I spent the first part of the day furiously dealing with phone calls and e-mails, most of which were about a possible visit by the BBC's One Show next week. If they come, it will be to take footage for a short feature on cormorants, known to anglers as "the Black Death." Of course we love our cormorants and would like to know why their numbers are declining so rapidly at Paxton. It could be quite confrontational for the RSPB, but anyway, it can't do any harm to provide some nice footage of our colony. I'll keep you posted.
The up-shot of all this was that I went to scout for locations with our new ranger, Rob Martyr who officially starts here next week. We saw several buzzards, a pair of tree-creepers and quite a few other birds but no spring migrants and no sign of the nuthatch that was seen on Tuesday. However, the redpolls were still feeding voraciously at the feeders outside the visitors' centre and there was a redwing in the meadow. We heard a Cetti's warbler shouting from the village side of the Hayling, just before a fat ginger tom-cat emerged from the undergrowth.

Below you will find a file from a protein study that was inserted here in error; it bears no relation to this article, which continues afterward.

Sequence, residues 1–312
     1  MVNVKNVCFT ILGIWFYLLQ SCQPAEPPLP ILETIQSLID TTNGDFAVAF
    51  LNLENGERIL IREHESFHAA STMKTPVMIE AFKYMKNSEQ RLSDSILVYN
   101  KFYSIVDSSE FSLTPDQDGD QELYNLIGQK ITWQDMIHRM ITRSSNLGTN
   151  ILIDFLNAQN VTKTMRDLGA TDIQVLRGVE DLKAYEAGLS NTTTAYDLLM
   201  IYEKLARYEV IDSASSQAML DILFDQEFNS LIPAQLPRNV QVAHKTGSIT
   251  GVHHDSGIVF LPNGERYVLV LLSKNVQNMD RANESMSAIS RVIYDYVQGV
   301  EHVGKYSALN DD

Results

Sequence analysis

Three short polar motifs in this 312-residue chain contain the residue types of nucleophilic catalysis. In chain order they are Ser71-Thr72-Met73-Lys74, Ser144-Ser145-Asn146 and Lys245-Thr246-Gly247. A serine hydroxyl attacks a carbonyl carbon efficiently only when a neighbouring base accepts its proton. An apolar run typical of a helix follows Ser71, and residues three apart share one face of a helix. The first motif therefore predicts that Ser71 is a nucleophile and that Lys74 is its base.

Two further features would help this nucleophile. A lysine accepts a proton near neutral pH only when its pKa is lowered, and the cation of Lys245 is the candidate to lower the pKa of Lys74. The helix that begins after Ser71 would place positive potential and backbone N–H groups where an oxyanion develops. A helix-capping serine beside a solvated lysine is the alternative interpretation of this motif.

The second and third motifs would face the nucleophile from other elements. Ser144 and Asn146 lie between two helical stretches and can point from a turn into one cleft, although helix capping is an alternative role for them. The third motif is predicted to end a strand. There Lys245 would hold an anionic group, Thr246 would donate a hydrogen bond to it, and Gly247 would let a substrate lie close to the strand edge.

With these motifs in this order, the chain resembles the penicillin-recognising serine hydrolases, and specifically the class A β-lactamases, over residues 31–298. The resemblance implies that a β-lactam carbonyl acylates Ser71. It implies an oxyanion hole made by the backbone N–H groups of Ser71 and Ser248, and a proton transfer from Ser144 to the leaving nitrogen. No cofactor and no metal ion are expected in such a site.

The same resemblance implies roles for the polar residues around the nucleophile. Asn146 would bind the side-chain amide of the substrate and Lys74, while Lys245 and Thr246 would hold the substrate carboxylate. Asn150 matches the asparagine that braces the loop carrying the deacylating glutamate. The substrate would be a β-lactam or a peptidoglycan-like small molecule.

Sure enough, we soon put up a snipe and saw quite a few gulls and other birds. For a bleak winter day, it wasn't at all a bad place to be.
Back at Paxton Pits I had a cup of tea with the Voluntary Wardens, Ian and Mike, and we watched the redpolls for a bit. Then a muntjac wandered under the window, which seemed pretty special to us.
|Hide-and-seek sparrow hawk.|
The pictures were taken through double glazing in poor light so I had to tweak them a bit, but I'm pleased.
I understand that I missed a brilliant talk last night when Jeff Harrison showed his amazing pictures of kingfishers. Sadly, my sinuses packed up at the wrong time. (Is there a right time?)